The IRS recently released Notice 2007-7 (“Notice”) providing new guidance on changes in employee benefits law created by the Pension Protection Act of 2006 (the “PPA”). This guidance addresses changes to minimum vesting requirements, hardship distributions, rollovers to non-spouse beneficiaries, notice requirements for distributions, and interest rate assumptions for lump sum distributions from defined benefit plans.
Changes to the Minimum Vesting Requirements
The PPA amended the minimum vesting requirements for defined contribution plans to require faster vesting of employer nonelective contributions for plan years beginning after December 31, 2006. Before the change, plans were permitted to maintain either a 5-year cliff vesting schedule or a 3- to 7-year graded vesting schedule; but under the amended Code Section 411(a), plans must provide for either a 3-year cliff vesting schedule or a 2- to 6-year graded vesting schedule.
The Notice provides that plans must still meet the requirements of Code Section 411(a)(10)(B), which permits a participant with at least 3 years of service to elect to have his vested accrued benefit determined under the pre-amended plan. The Notice also provides that a plan may choose to continue to use its prior vesting schedule for employer nonelective contributions made for plan years beginning before 2007.
The PPA requires the IRS to issue regulations allowing employees with cash or deferred arrangements (e.g., 401(k) accounts) to make hardship withdrawals based on a beneficiary’s expenses. Prior law only allowed plans to grant hardship distributions based on expenses of a participant or a participant’s spouse or dependents. Beginning August 17, 2006, 401(k) plans and 403(b) plans may permit hardship distributions to a participant for a beneficiary’s medical, tuition and funeral expenses. 457(b) and 409A plans may treat a participant’s beneficiary the same as a participant’s spouse or dependent for purposes of determining whether an unforeseen financial emergency has occurred and distributions may be made. The Notice clarifies that sponsors have the option to include such hardship distributions in the plan, and the provisions are not mandatory. The change for 409A plans will be reflected in upcoming final regulations.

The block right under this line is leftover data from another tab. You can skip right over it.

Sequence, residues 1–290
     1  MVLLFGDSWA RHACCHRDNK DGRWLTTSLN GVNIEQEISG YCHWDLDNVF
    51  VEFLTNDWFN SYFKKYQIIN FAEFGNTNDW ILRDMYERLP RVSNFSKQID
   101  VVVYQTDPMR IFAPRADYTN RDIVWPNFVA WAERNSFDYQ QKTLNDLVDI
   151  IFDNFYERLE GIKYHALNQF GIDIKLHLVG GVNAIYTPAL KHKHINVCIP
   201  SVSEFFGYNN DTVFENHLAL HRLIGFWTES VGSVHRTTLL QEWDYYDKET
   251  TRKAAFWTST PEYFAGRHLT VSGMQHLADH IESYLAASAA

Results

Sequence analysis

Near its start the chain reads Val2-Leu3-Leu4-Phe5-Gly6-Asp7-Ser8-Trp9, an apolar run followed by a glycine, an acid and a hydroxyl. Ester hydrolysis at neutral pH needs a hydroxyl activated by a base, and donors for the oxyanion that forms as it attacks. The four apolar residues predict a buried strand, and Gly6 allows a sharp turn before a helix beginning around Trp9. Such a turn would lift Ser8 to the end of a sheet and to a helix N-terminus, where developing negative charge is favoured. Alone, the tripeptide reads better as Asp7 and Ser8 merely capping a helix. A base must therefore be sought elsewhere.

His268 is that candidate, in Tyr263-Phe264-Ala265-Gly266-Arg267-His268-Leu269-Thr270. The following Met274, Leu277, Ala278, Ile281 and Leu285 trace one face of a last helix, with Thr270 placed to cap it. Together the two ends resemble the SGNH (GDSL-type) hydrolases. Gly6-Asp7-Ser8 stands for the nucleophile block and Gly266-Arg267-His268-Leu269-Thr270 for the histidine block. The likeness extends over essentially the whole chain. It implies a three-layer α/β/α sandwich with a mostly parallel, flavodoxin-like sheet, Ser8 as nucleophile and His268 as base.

Rollovers to Non-Spouse Beneficiaries
The PPA permits certain transfers to a non-spouse beneficiary’s IRA to qualify as non-taxable rollover distributions, beginning January 1, 2007. The Notice makes clear for the first time that plans are not required to offer direct rollovers to non-spouse beneficiaries. However, if a plan offers direct rollovers to non-spouse beneficiaries of some but not all participants, the plan must ensure that the rollovers are offered on a nondiscriminatory basis.
Distribution Notice Requirements
Under current law, a plan must provide participants with a notice (called a Section 402(f) notice) explaining a participant’s right to defer receipt of a distribution from the plan. The PPA requires the IRS to amend the regulations to add a requirement that the Section 402(f) notice explain the consequences of failing to defer receipt of a distribution.
The Notice makes clear that each plan administrator must make a reasonable attempt to meet the new requirements for Section 402(f) notices, even though the regulations have not been issued. The Notice also provides a safe harbor list of information to include in the Section 402(f) notice that is intended to satisfy the reasonable compliance requirement.
Interest Rate Assumptions for Lump Sum Distributions
The PPA revised the rules for determining whether a benefit that is payable in a form other than a straight life annuity, such as a lump sum distribution, meets the limitations on annual benefits under a defined benefit plan. The Pension Funding Equity Act of 2004 changed for 2004 and 2005 the formula used to determine the interest rate that could be used in actuarial assumptions to determine if distributions met the Section 415(b) limitations. The PPA modifies the formula again for distributions in plan years that begin in 2006 or later.
The Notice confirms that plans must meet the new limitations under Section 415(b) even for distributions beginning in 2006. The Notice provides three methods for correcting “excess distributions” above the Section 415(b) limits. Under the first method, if the excess distribution is made before September 1, 2006 and the correction is completed by March 15, 2007 the plan can follow a modified Employee Plans Compliance Resolution System (“EPCRS”), which will not require the excess amount to be returned to the plan. However, participants receiving excess distributions must include the distributions in gross income in the year of distribution. If the plan does not qualify for the first method, two other methods using EPCRS are available but each requires the excess amount be returned to the plan.
Plan sponsors may retroactively amend plans to comply with the PPA changes to Section 415(b), and if the changes are adopted by the deadline set in the Notice, the plan will not violate the anti-cutback rules. For calendar year plans, the amendment must be adopted by the end of 2009. To avoid violating the anti-cutback rules, the plan also must operationally comply with the new rules as of the date the amendment becomes effective.
This is only a brief summary of some of the major provisions of IRS Notice 2007-7. If you have any questions or would like additional information concerning the Notice or any other provisions of the Pension Protection Act of 2006, please contact SGR’s Employee Benefits Group.